Program Item Details
TITLE: Dr. Michael Payne, Head of Research and Publications, Historic Sites and Cultural Facilities Branch, Alberta Community Development
SUBJECT: #31 Project Oil Sands, Alberta's Experience with the Atomic Bomb
SYNOPSIS: In 1959-1960, the cabinet of Premier Ernest Manning seriously considered allowing the underground detonation of a 9 kilotonne atomic bomb in northern Alberta in an experiment to determine if nuclear power might help remove oil for the oilsands. The site chosen for the blast was Cheechum Crossing. Dr. Michael Payne sets the scene for this bizarre tale from Alberta's oilsands history. It began as part of Project Ploughshares, an American scheme to find peaceful ways to use nuclear bombs
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Intro: A step back in time and a blast from the past. Historian Michael Payne looks back at efforts to set off an atomic bomb at Cheechum Crossing. All in the name of getting oil out of the Athabasca Tar Sands.
With all the activity in Alberta’s oil sands, just be glad this isn’t the 1950s. Back then some very important people were absolutely convinced that they could release the oil by blasting it with atomic bombs and Cheechum Crossing near Fort McMurray was picked as the test site for the first detonation. Historian, Dr. Michael Payne, relates one of the more bizarre stories from Alberta’s oil sands history.
Dr. Michael Payne
MP: The story behind this project really begins in the 1950s when the American Atomic Energy Commission started to get interested in the possible peaceful uses of nuclear weapons in engineering projects of various sorts. They worked very closely with the University of California’s Lawrence Radiation Laboratory at Livermore as well on these particular ideas. For a long time it had been known obviously that nuclear weapons can shift vast amounts of material and there had been a number of engineers and scientists who had done calculations that showed that for large scale engineering projects, the use of nuclear weapons to more material was actually cheaper than more conventional explosives like using dynamite simply because the cost of dynamite went up exponentially with the size of the project.
And there had been enough experience with both above ground and under ground nuclear tests since the Second World War to show for example that if you let off a nuclear device, you could move vast amounts of material and create what they like to refer to as harbours or it’s like that they’d blown up the better part of several atolls in the South Pacific and so on. And so there was some sense that you know that you could use nuclear weapons to excavate harbours, dig canals, some people had speculated that you could use them to clear under water obstructions in shipping lanes. In other words, you wouldn’t necessarily have to dredge harbours and so on any more. And, there was some other ideas as well that people thought that, you know, there are some other ways in which you could use this enormous power of atomic and hydrogen bombs for good in the world, whatever you like.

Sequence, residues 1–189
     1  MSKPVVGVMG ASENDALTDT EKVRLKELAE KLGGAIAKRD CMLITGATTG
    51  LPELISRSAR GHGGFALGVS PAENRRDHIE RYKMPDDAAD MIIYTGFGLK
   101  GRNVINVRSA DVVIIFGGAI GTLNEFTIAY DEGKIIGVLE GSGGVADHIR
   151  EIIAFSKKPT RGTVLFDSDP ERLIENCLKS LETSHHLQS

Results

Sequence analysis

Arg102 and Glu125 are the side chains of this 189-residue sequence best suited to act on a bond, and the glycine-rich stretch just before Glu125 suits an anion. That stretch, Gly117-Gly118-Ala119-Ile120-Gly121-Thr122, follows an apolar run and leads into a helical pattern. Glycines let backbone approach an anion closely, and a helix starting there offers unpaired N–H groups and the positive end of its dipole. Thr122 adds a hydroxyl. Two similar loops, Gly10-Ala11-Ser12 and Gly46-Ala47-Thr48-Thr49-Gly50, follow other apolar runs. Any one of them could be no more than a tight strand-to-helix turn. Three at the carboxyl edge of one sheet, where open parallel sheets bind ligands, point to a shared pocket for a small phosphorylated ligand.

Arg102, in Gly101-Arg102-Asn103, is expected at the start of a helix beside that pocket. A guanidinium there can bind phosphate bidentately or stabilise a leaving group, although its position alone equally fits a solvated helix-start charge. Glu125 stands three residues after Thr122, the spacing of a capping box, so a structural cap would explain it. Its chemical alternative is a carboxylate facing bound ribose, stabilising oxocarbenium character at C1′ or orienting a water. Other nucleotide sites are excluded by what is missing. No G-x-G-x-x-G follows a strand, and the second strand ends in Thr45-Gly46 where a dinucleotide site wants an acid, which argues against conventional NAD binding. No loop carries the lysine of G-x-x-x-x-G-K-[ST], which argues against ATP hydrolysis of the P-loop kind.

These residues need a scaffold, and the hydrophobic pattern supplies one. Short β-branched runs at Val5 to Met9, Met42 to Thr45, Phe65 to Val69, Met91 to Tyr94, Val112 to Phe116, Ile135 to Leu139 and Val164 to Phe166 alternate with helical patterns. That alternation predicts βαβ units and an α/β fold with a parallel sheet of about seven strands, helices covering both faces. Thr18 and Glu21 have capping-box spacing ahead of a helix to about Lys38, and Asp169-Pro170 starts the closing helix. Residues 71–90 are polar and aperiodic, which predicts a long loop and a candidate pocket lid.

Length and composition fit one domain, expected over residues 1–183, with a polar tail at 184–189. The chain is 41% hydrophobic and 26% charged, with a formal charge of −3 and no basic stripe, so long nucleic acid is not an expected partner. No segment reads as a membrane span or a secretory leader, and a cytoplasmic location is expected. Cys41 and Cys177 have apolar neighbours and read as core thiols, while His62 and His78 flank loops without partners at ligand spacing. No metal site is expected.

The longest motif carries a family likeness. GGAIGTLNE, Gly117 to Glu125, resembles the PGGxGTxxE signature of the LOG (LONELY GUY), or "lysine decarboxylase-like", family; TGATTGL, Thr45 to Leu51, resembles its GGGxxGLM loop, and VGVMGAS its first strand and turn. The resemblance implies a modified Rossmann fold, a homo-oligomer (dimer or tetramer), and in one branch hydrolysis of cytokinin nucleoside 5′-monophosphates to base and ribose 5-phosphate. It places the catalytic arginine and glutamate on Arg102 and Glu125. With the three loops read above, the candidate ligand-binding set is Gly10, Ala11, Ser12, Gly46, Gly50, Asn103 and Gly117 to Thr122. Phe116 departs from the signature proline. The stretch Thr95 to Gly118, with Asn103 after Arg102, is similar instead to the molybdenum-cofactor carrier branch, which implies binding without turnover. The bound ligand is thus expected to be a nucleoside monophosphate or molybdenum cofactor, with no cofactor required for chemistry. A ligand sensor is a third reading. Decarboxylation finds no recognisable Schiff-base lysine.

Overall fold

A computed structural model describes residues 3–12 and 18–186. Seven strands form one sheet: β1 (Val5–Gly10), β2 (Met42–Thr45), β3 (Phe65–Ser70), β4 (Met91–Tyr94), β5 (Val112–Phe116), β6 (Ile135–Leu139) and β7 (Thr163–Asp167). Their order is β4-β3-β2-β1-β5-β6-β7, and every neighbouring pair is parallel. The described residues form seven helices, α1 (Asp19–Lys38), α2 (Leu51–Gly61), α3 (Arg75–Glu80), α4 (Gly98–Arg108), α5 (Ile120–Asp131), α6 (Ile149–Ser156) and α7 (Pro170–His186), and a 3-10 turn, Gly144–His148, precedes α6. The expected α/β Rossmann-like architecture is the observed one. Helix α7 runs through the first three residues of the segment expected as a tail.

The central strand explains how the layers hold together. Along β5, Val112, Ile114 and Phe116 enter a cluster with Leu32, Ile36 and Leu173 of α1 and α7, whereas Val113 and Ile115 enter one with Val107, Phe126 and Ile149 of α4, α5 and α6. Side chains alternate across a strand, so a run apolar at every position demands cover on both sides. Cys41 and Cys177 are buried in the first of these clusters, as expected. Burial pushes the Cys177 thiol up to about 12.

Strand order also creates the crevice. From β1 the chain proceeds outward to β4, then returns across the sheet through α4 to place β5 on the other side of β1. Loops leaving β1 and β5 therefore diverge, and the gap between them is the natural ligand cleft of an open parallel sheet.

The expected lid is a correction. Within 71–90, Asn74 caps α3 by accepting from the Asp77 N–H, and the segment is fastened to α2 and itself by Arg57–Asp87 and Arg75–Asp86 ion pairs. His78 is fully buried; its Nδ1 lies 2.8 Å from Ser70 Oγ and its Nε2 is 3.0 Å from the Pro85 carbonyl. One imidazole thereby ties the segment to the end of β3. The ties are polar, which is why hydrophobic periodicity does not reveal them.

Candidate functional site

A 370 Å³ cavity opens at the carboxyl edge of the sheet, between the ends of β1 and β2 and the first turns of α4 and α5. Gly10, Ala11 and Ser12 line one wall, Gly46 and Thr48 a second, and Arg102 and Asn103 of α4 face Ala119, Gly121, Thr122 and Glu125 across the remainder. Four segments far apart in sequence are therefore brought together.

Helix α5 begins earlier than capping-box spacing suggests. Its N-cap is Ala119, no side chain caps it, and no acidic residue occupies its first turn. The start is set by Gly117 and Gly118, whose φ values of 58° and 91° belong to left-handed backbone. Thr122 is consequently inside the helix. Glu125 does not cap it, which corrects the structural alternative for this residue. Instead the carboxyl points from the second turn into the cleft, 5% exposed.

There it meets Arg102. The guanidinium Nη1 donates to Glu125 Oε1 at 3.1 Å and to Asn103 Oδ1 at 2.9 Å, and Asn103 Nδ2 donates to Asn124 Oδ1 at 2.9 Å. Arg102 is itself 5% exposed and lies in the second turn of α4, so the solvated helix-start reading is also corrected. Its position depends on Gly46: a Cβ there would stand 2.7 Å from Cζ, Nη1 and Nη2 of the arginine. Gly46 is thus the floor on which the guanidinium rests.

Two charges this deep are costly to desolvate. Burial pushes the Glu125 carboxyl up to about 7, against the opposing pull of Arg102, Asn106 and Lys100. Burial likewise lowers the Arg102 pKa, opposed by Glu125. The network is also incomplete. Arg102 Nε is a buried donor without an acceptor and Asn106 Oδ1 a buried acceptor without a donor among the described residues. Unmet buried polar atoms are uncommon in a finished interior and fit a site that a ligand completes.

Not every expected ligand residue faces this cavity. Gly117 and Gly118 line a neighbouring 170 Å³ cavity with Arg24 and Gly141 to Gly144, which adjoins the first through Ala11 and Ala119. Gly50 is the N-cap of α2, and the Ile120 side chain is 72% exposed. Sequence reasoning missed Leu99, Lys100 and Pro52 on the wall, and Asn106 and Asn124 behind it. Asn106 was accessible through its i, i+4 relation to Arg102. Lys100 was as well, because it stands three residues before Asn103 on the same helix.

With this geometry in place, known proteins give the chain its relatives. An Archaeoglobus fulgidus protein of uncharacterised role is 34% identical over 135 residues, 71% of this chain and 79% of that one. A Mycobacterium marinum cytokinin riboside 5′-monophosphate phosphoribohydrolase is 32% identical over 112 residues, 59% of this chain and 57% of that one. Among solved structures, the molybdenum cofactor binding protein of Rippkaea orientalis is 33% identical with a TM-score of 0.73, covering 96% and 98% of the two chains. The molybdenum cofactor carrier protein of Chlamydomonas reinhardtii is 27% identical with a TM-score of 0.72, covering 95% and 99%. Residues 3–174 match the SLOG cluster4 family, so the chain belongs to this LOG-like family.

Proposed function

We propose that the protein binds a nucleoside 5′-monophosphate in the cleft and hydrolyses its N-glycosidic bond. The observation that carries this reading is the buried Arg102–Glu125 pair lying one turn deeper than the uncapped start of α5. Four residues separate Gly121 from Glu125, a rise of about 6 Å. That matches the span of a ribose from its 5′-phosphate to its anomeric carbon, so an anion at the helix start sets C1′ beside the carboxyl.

CC: WAS THERE SOME SORT OF NAME OR POLICY FROM THE GOVERNMENT THAT ACTUALLY LEGITIMIZED ALL OF THIS?
MP: Yes, there was. The United States Atomic Energy Commission in 1957 began to explore the possibilities of the use of nuclear devices in engineering projects and in 1958 they announced what they called Project Ploughshares. The program was announced by Edward Teller, who was then the Director of the Livermore Lab and a man who’s generally credited by nuclear historians as being the architect of the hydrogen bomb. He announced this program at a World Congress on the peaceful uses of atomic energy. It was held in Geneva in 1958 and the idea behind the program was that different groups would be able to come forward to the United States Atomic Energy Commission to suggest engineering projects that would test the value of nuclear explosions in various types of peaceful applications.
This program, actually, with its rather Orwellian name I think of Project Ploughshares was used to justify a total of, there is some debate as to how many explosions were actually took place under it, but there was between twenty-seven and thirty-five underground nuclear explosions took place between 1961 and 1973 testing various aspects of this program. And there were a number of engineering ideas that came forward for possible inclusion under this program. In 1958 actually the Financial Post in Canada published a very interesting article which detailed some of those ideas that grew out of American testing in the Pacific and in Nevada.